The Astros have gone into full rebuilding mode over the last few seasons, and one of the beneficiaries of their retooling has been the Braves. They acquired leadoff man and center fielder Michael Bourn at last year's trade deadline for a package of four young players, though he was unable to help them get to the postseason. As an arbitration-eligible player, Atlanta retained his rights for 2012.
The 29-year-old Bourn and the Braves settled on a one-year deal worth $6.845MM earlier this week, avoiding an arbitration hearing during his final year of eligibility. He's scheduled to hit the open market after the season, and will represent the one legitimate center field/leadoff hitter type in the free agent class. Bourn won't get Jose Reyes or Carl Crawford money, but he's poised to land a sizeable multiyear guarantee with another strong effort this coming season.
Though he hit just .278/.321/.352 in 249 trips to the plate with the Braves following the trade, Bourn had his best offensive season in 2011. He hit .294/.349/.386 overall and stole 61 bases, the most in all of baseball and for the third straight year, the most in the National League. His defense is highly regarded as well, with a +22.9 UZR over the last three seasons. In terms of wins above replacement, Bourn has been worth between 4.2 and 4.9 wins in each of the last three years. His 13.8 WAR since the start of 2009 is the eighth most among all outfielders.
Juan Pierre's five-year, $44MM contract with the Dodgers gives us an idea of what a high-end center field/leadoff hitter type can get on the open market. He hit .298/.343/.383 with eight homers and 160 steals in the three years leading up to his free agency (age 26-28 seasons), while Bourn has hit .283/.348/.373 with seven homers and 174 steals in the previous three seasons (also age 26-28 seasons). Pierre got caught stealing more often (61 to 38), but Bourn struck out more (389 to 118). Pierre's defense was also a notch below Bourn's (+8.9 UZR from '04-'06).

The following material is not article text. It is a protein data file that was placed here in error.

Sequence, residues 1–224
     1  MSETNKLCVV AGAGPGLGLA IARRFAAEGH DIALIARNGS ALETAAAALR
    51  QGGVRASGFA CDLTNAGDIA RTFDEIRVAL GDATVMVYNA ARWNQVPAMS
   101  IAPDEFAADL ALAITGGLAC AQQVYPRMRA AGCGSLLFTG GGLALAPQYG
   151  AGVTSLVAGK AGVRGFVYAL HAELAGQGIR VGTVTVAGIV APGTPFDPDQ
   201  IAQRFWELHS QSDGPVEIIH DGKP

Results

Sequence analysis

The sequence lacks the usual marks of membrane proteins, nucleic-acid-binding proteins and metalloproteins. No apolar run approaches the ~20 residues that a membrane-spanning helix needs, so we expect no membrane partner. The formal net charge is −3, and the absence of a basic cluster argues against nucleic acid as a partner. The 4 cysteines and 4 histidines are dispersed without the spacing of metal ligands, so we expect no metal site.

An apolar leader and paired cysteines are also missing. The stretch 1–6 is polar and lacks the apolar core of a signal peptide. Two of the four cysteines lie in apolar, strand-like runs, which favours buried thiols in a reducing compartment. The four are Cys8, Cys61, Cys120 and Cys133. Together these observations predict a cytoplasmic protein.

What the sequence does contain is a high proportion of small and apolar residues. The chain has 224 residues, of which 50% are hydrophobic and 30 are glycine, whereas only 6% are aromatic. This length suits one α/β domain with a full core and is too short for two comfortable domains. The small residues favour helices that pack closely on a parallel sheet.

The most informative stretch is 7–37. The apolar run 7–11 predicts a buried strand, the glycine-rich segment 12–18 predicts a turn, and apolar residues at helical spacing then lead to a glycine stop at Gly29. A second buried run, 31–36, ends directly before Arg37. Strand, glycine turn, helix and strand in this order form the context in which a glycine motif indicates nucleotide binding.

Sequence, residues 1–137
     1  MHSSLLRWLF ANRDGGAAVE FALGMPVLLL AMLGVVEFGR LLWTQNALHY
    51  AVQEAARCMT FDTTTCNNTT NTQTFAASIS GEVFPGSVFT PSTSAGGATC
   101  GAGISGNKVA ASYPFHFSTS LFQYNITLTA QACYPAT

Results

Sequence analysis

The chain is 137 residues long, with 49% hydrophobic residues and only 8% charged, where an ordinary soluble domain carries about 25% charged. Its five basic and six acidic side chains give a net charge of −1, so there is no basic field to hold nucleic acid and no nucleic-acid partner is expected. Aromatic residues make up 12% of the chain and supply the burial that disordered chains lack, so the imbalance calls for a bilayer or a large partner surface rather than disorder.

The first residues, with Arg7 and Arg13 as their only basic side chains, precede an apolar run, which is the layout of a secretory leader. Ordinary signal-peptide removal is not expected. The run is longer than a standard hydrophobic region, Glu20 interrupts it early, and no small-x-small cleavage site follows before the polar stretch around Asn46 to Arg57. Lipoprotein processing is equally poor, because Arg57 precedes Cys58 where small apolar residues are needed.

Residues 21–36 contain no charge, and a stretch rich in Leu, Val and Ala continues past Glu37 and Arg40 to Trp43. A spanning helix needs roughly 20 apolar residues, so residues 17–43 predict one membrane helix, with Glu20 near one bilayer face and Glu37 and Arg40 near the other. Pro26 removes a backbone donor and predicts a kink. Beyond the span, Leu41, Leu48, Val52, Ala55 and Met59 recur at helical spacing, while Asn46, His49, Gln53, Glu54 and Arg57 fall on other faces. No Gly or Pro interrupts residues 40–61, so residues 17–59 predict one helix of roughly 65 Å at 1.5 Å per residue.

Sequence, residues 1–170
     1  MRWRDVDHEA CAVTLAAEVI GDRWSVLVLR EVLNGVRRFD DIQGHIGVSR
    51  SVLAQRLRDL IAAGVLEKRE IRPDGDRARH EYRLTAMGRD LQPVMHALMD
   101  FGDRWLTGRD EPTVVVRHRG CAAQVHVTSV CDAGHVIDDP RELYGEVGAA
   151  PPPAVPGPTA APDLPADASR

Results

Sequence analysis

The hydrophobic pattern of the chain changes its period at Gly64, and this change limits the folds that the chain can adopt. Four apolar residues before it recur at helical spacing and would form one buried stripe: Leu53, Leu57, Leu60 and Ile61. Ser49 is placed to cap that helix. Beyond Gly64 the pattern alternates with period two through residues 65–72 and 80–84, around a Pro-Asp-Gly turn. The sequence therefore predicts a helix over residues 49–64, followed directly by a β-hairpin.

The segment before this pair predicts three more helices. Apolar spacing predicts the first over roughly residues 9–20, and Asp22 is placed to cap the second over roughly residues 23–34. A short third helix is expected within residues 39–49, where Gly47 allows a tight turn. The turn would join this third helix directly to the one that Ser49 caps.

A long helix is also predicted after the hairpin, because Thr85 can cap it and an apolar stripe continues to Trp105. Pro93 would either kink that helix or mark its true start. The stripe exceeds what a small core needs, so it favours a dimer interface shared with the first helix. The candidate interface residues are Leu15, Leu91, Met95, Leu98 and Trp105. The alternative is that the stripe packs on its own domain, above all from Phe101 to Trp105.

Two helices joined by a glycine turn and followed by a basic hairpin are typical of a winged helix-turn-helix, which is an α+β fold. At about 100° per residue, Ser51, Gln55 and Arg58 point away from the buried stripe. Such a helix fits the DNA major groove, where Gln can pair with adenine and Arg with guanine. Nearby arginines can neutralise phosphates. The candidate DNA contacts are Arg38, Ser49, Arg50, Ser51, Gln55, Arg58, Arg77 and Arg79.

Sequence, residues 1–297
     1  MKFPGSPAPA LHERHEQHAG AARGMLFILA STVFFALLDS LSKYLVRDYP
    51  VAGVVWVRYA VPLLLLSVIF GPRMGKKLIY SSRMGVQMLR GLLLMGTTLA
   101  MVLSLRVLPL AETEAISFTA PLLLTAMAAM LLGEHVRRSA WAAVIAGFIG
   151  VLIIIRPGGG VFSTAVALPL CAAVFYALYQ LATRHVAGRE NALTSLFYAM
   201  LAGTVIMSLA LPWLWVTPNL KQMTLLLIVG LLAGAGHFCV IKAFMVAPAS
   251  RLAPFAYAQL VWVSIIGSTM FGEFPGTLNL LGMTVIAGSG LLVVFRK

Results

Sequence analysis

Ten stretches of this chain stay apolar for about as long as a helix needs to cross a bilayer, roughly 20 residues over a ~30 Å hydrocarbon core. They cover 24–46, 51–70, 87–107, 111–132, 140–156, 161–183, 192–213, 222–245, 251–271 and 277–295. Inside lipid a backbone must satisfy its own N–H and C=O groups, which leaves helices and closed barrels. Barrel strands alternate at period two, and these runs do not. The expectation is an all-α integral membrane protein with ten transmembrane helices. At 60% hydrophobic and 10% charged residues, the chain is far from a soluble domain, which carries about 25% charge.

It's worth noting that Bourn is a Scott Boras client, and earlier this month we heard that the two sides had not yet begun discussions about an extension. It's been five years since Pierre signed his contract with the Dodgers, and adjusting up a bit for inflation indicates that five-year, $50MM extension would make sense for both Bourn and the Braves. Atlanta lacks a long-term center field solution in their farm system, but luckily they already have one of the game's best players at the position in the prime of his career at the big league level. Whether they try to keep him beyond this season is another matter.
Photo courtesy of Icon SMI.